I am thankful for the lifelong friendships I do have-- the ones who haven't given up on me (waves at college pals). I am thankful for the coffee dates where nothing is required of me but to show up, chat, and enjoy. I am thankful for Facebook, which has allowed me to reconnect with wonderful people from my past, and meet amazing new friends. And I'm thankful for the friendships that have yet to blossom and help me age with humor, grace, and empathy. 

How about you? Are you where you want to be with your friendships and relationships? Do you reach out readily or are you like me, more guarded and introverted? How could your relationships be a meditation for Lent this week?

Thursday, March 20, 2014

The Creativity Ritual

Being creative isn't always easy for me. In theory, I love the idea of connecting to God through art. My heart and mind grasp that when we create, we are imitating God, the artist. 

It is our unique gift as humans to see visions of beauty and inspiration and give them form. (Tweet this)

In practice, however, I often feel limited by the process. Writing, most often, is my chosen form of expression. I love to write... most of the time. But sometimes bringing the ideas in my head to fruition and giving them palatable words and form feels anything but spiritual. I lumber through the process, frustrated by my own lack of ability. The peaceful, spiritual image I have in my head flies right out the window (along with pages of deleted words). 

This week for Lent, however, I was determined to focus on, nurture, and find my creative joy. It occurred to me that just as church is a ceremony to prepare us for worship, I could implement a ritual to open my heart, elevate my spirit, and be more receptive.

1. Lighting a candle. I found a candle with a lovely, soft scent, placed it on my desk, and lit it. As I did so, I said a prayer asking God to light my heart and help me be a soft and gentle light. 

2. Read. I took a few minutes to read a text that challenged and elevated my mind. Currently, I'm working through a book called In Fact: The Best of Creative Nonfiction, a collection of very well-written and thoughtful essays. Reading others' creative pieces helped set my mind and heart towards my own writing. I could have read poetry or scripture, looked at art on the internet, or watched an inspiring video or TED talk-- anything to feed my heart and inspire me. 

3.  Music. I need relative quiet when I write. Even music with lyrics can disrupt me. I found a station on Pandora that is strictly instrumental. It plays a lovely mix I find soothing and uplifting. 

4. Tea. I don't think there's anything mystical in a hot cup of tea, but the scent, warming liquid, and earthy flavor helped me feel pampered.  

4. Turn off the Internet. While I think social media serves a good purpose, I also believe it is the antithesis of creativity. (Tweet this) It is, at least for me, numbing and distracting. I downloaded an alarm clock app and set it. I'll be honest, I felt a bit "twitchy" wanting to check my mail or Facebook (now isn't that telling), but the lack of distraction was wonderful and reminded me that this time was special and sacred. 

4. Create. I wrote, not euphorically or without wrestling with my words, but I allowed myself to write, even poorly. Towards the end of my time, one piece I worked on took me to the lake near our house during summer, kayaking on the glass-like surface. My heart soared with the words. I was in the heart of creating, reliving nature, and lost in sharing an experience that brought me peace.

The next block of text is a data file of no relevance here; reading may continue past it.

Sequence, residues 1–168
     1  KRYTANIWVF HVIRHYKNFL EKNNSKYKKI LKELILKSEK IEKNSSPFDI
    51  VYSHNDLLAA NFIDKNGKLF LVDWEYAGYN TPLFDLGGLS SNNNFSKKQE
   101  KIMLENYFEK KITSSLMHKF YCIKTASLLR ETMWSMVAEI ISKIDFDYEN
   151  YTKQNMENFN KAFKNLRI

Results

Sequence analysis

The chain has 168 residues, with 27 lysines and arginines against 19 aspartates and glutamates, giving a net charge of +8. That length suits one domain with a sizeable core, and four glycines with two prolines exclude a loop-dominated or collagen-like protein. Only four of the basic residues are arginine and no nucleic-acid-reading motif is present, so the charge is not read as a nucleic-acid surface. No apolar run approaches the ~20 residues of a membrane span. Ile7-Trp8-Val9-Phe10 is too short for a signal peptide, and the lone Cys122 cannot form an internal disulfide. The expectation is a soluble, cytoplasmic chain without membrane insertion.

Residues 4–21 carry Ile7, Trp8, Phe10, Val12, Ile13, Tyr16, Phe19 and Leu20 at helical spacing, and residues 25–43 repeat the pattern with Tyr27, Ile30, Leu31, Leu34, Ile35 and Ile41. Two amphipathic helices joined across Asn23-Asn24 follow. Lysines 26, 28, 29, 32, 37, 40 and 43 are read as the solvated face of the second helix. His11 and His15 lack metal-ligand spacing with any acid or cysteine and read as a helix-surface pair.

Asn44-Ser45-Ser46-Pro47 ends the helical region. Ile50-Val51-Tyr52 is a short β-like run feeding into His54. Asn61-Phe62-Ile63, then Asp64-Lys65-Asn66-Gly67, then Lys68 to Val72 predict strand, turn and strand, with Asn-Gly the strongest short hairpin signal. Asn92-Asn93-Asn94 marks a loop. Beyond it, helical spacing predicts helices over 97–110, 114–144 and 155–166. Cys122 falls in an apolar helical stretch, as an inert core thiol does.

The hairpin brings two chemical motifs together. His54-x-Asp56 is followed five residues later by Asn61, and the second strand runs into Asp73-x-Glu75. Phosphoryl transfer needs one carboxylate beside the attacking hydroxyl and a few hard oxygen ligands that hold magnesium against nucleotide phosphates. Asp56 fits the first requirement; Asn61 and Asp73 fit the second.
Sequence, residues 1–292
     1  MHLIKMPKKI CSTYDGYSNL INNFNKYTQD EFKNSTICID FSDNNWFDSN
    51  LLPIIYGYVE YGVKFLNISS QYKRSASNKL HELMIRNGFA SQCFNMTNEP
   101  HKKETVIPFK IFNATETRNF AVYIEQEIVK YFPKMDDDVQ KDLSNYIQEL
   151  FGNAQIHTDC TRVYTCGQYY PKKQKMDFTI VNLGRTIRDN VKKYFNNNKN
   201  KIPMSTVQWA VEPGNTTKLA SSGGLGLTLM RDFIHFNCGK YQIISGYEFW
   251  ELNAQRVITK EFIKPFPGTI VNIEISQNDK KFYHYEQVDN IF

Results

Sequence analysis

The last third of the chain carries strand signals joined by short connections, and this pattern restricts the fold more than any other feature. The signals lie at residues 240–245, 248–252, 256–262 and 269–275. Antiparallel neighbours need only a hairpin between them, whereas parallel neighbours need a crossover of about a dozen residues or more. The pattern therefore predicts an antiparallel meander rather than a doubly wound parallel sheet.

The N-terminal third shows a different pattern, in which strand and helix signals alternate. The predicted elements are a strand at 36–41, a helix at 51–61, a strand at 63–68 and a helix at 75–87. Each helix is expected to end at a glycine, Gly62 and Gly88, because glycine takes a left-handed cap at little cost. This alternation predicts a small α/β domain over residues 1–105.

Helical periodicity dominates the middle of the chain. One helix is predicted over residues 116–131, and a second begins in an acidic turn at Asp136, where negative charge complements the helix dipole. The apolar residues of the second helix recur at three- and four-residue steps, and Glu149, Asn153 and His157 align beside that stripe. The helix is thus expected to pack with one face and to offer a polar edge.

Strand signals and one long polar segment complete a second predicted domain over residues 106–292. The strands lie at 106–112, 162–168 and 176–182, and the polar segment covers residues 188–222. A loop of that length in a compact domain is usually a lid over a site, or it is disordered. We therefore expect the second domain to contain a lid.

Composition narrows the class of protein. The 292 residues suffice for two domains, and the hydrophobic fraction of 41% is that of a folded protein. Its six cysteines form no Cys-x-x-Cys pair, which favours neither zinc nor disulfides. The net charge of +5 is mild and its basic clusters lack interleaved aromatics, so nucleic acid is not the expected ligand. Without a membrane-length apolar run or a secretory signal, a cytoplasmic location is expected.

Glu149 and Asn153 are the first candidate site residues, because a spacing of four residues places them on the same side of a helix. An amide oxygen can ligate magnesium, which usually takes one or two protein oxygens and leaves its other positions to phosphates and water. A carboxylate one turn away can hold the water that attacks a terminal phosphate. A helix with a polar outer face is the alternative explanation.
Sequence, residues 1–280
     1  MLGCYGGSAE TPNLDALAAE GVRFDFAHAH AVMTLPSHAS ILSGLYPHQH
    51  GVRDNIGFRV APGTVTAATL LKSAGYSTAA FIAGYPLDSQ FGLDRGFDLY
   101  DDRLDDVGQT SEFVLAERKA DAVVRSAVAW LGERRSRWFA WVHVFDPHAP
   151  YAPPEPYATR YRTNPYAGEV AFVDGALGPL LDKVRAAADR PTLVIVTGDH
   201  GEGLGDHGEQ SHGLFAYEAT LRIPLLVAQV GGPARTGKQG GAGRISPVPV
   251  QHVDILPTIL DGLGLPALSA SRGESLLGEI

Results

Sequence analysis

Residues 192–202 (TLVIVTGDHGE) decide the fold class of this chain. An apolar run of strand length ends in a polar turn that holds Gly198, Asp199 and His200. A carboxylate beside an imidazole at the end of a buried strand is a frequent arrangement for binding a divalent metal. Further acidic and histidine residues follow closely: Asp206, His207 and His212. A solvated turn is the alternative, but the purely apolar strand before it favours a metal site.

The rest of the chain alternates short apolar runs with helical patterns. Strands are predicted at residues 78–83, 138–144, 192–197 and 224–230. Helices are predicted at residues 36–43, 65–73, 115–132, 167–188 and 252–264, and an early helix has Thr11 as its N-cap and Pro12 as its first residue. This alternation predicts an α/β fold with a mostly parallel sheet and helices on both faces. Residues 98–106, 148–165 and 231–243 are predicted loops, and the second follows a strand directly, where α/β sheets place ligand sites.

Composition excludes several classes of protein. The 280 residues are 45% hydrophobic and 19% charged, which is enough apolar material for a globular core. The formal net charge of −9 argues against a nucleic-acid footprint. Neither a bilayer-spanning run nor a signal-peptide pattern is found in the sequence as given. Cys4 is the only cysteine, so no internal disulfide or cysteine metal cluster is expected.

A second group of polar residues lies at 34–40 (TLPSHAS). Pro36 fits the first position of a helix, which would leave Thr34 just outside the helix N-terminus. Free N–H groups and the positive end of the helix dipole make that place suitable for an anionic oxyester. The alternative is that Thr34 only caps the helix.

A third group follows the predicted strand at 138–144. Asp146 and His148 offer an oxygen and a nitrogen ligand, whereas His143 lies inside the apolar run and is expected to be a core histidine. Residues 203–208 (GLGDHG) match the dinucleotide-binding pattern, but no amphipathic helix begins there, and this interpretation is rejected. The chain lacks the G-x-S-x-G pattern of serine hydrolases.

Have you ever tried to make your creation process more an act of worship? What ideas do you have to set the stage and mood for a receptive heart?

And now, the winner!

I admit, when I first thought of giving away crayons and a coloring book, I wondered if it would seem childish. It was an idea born from my own love of coloring. I find it so peaceful! But it was fun to see the eager responses. I'm enjoying giving away a few gifts! The winner of the coloring book and crayons, as selected by the random list generator at is:

Julia Munroe Martin

Yay! Julia, get in touch with me and give me your mailing address-- I'm so excited you won!

Monday, March 17, 2014

Get Your Creativity On

photo from
Painting, drawing, coloring, scrapbooking, collages, photography, nature walks, writing, poetry, singing, music... what do these all have in common? Read on to find out, and at the end, get ready for another give-away.

There is perhaps no greater advocate for the act of spiritual creation than Julia Cameron. She has developed courses and written books teaching her belief that art and our spiritual connection to The Creator are closely linked. She writes in The Artist's Way, "When we open ourselves to our creativity, we open ourselves to the creator's creativity within us and our lives."

When we acknowledge and explore our own creativity, could it be we are conduits of God's own delight as the master artist? But I can't draw. I can't write. I can't play an instrument. We have an excuse list a mile long why we are not very creative. I know. I've used most of them.

I come from a very artistic family. My mother was an amazing artist with oils. Her paintings are abstract expressions with shapes, textures, and colors. My sister is also a gifted artist, quilter, and shares her love of creation with a school full of elementary children. My engineering dad and brother, although not artists in the fine arts sense, could always duplicate and build with their hands. Honestly, I always felt like the creative ugly duckling. My talents were not obvious. I loved to play our old upright piano and sing, but lacked the discipline and talent to hone my skills. I can't draw worth spit. I always like to write, but never saw that as a creative expression, unless I wrote poetry (really bad poetry, I might add).